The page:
My other impression is the great diversity within this line. If I count only some of my very favorite ones, I come up with a full spectrum of fragrances for a scent wardrobe. Consider the rich decadence of Mahjoun, the damp tropical languor of Padme Lotus, the gauzy delicacy of Cielle, the delicious contradiction of Piment et Chocolat, the intriguing masculinity of Le Roi Soleil and Jitterbug for Men, the mystery of Arome d’Egypt or the heartbreaking melancholy of Memory and Desire No. 1. Hard to believe they are all the products of one perfumer, but the common thread of dedication to natural materials and consistent high quality ties them together.

I would like to offer a sampler of these perfumes, gambler’s choice only, so if you would like to be included, please indicate your interest in the comments section. The winner’s name will be announced the week after this post appears. (Some of them will not be full vials, but there will be enough for one or two wearings in each.)

Image credits: The famous Hall of Mirrors at Versailles from; Rococo style portrait of the Marquise de Pompadour by artist François Boucher from

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Monday, March 02, 2009

Tom Ford Champaca Absolute: Perfume Review

A fail-proof way to create a perfume I am guaranteed to like is to make it smell Like a Chanel. Or what is my idea of a Chanel (forgive me for quoting myself, in a review of Beige):
"...abstract, complex, and, regardless of whether it is full of natural ingredients or totally synthetic, (...) man-made, for a lack of a better term."
...In other words, to make it smell as a Proper Perfume (again in my interpretation):
" smell of no particular ingredient but rather to appear as an amalgamation of several, almost indistinguishable notes ... to interpret its inspiration in a non-literal, non-obvious manner ... to smell man-made, not found-in-nature."
Clearly, the Tom Ford Beauty team has decided to follow my requirements (as every perfume-creating team should by the way!) and to create a Proper Perfume. They also were clearly aware than I have always been a big fan of Cold Perfumey Florals (a category made up by moi and thus very subjective) in vein of Chanel's Beige, Gardenia and Hermes's 24, Faubourg. In his new Champaca Absolute, Tom Ford created a bespoke Cold Perfumey Floral fragrance for yours's just that he doesn't know it.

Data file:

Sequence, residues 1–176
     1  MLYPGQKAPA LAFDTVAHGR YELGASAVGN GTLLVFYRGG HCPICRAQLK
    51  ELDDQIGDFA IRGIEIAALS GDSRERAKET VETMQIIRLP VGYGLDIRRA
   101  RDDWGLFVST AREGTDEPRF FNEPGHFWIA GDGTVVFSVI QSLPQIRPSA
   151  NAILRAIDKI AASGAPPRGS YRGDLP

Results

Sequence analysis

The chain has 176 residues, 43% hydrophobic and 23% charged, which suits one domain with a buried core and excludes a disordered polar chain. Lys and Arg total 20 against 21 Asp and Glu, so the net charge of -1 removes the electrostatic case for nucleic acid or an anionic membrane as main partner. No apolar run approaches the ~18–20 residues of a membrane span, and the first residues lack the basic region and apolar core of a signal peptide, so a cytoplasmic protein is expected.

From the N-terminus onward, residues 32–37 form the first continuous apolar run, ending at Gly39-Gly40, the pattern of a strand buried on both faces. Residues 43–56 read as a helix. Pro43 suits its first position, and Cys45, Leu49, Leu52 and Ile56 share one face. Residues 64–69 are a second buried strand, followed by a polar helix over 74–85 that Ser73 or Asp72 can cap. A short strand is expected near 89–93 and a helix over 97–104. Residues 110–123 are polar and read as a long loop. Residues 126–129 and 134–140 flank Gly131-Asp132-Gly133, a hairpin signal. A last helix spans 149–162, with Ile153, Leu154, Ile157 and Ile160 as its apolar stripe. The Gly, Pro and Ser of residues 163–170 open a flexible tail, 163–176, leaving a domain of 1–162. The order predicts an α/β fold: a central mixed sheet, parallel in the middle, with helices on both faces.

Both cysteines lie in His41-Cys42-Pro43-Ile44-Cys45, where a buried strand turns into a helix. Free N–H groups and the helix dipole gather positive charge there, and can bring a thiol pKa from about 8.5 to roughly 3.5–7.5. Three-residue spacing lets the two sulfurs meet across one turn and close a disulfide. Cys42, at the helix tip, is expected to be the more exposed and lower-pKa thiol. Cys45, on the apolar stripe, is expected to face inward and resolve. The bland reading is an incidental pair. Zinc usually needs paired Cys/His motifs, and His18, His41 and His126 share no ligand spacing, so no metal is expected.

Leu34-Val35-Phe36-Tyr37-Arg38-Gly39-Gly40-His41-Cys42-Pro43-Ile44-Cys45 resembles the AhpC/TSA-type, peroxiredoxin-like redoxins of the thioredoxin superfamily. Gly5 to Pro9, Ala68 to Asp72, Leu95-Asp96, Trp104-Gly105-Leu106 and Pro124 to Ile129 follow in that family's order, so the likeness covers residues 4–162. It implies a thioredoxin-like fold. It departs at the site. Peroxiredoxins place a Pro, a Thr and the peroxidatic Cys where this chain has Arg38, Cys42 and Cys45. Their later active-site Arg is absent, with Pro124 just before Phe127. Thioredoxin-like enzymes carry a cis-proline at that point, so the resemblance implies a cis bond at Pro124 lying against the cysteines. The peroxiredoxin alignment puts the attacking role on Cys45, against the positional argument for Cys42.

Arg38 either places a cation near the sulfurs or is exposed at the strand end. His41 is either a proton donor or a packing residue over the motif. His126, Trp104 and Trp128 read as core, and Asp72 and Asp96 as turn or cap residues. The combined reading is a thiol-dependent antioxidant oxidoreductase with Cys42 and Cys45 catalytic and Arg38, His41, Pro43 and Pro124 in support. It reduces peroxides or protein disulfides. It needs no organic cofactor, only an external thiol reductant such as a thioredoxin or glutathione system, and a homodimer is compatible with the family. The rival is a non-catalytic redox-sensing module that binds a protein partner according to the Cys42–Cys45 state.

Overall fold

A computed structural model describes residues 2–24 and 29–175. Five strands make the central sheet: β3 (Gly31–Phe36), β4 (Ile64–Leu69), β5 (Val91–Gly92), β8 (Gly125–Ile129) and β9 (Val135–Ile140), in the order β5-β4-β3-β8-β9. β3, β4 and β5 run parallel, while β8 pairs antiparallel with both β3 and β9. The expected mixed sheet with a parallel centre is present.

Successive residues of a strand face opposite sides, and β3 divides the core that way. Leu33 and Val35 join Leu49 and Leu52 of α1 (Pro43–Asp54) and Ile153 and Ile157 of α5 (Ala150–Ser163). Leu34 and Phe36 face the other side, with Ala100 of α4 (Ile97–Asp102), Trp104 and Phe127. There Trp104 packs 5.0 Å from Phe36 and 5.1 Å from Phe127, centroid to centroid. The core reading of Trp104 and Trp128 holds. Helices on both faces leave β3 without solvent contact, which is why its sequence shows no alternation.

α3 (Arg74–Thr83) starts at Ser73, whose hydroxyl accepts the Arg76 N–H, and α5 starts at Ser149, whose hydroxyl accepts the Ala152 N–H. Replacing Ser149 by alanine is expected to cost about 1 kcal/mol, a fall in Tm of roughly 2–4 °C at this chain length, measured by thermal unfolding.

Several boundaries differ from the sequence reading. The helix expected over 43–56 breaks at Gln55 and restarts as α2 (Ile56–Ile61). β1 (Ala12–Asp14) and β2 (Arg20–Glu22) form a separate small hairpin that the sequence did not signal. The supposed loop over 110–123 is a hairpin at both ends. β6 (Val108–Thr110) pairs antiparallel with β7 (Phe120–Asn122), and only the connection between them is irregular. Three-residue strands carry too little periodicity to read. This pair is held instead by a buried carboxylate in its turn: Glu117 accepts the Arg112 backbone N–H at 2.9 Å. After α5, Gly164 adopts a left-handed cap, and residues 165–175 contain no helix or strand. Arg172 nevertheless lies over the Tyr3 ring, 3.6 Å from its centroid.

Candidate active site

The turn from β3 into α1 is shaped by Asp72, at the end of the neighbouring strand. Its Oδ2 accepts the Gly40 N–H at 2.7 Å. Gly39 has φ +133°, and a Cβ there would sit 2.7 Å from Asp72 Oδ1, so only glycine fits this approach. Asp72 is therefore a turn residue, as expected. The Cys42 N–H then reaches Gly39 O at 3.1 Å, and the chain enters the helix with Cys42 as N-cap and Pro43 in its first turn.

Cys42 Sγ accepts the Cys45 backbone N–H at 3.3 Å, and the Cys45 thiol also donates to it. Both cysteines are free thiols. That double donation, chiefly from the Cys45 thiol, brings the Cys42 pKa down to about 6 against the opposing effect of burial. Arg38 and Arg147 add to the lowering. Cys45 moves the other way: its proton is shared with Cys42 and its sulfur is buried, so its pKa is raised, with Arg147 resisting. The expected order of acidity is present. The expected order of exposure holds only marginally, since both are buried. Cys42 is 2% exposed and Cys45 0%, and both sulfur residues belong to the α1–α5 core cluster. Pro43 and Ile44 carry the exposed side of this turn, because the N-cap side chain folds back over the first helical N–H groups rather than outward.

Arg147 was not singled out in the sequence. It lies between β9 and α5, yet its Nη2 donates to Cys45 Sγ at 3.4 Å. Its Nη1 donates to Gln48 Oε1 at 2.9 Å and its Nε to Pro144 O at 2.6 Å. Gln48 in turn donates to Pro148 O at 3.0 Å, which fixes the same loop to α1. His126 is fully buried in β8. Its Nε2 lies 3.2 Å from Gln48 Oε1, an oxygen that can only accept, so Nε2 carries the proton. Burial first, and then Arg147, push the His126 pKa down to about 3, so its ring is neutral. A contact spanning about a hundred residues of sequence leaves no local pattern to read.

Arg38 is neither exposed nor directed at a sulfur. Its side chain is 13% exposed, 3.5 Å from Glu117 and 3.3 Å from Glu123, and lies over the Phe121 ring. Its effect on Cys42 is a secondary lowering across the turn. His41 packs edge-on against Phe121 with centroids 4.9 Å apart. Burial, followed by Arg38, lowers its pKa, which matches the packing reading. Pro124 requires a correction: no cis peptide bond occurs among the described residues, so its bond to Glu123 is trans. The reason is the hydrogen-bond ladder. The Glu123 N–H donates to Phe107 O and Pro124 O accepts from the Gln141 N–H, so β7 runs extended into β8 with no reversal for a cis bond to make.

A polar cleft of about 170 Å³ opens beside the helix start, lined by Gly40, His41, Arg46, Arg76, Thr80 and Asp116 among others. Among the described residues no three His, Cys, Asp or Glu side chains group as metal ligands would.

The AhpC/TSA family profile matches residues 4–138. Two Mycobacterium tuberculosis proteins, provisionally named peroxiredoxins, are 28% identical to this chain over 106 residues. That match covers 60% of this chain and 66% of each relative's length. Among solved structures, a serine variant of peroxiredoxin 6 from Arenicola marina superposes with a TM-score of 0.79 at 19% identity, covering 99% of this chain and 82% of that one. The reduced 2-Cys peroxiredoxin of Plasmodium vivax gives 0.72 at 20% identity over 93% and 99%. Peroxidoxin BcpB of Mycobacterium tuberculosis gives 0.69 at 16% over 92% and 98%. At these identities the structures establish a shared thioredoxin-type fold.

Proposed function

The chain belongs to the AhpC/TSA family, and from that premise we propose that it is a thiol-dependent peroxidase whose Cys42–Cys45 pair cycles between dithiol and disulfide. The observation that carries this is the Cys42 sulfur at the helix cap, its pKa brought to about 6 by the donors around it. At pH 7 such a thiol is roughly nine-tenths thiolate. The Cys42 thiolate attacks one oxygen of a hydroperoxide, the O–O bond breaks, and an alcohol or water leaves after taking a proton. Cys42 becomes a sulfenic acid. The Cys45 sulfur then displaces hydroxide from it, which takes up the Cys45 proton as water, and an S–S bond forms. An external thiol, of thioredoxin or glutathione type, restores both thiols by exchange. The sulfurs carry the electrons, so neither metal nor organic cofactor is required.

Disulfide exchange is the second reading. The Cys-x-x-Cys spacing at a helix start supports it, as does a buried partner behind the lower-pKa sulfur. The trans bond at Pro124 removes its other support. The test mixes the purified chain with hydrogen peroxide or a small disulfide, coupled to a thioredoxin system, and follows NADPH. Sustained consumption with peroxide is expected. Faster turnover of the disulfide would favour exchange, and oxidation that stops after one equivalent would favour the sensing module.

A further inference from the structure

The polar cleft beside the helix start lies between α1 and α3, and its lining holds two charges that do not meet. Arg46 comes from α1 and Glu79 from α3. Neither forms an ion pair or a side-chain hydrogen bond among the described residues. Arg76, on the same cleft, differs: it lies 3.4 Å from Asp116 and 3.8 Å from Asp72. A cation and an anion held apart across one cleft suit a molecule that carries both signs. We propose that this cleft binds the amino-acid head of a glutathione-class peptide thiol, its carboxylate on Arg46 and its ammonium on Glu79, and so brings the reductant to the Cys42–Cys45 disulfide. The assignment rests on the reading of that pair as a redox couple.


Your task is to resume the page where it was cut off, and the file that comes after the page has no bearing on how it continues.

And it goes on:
So much does Champaca Absolute remind me of Beige - in concept not in notes!- that I could almost take my old review, change freesia and frangipani for champaca and jasmine and be done with it. When I say, in concept, I mean that, like Beige, Champaca Absolute strikes me as being "a cold, somewhat arrogant beauty, a "better than thou" scent." For most parts, it is a stylized floral bouquet, a chic and meticulous arrangement made of flowers that have been grown and pampered in an exclusive orangery with man-controlled environmental conditions...and not of those you gather in the wild, carelessly bring home and put in a rustic vase in a haphazard manner.

Having said that, there IS a very green and very natural part right after the heady, tiny bit boozy (cognac, Tokaii (yes, it is that specific) wine and the naturally drunken davana) floral top notes subside, where it might seem that -oh the horror!- the bouquet could indeed have come from some kind of unruly forest...for some time, Champaca Absolute just smells so...real and untamed. I suspect that what gives the silken blend of champaca, jasmine and orchids that ragged, dry, windswept edge is the broom note (in Beige, it was hawthorn). And then the wild note disappears, sleek bob smoothed, slinky dress straightened, face back to its expression of polite superiority. Nature? One has never been to nature, nature is too dirty and uncontrollable. And one has never heard of Oliver Mellors either.

What's remarkable is how remarkably filthy the drydown smells on my skin, not animalic-filthy like musk or civet but more like mineral-rooty-filthy...whatever it is in the inoffensive-sounding base of vanilla, amber, marron glace (!) and sandalwood that makes it smell up to good I do not know. But I suppose that what it shows is that you can take champaca out of the wild but you can't take the wild out of champaca.

Available at Nieman Marcus, $180.00-$450.00 for 50ml-250ml of -very, very long-lasting- Eau de Parfum.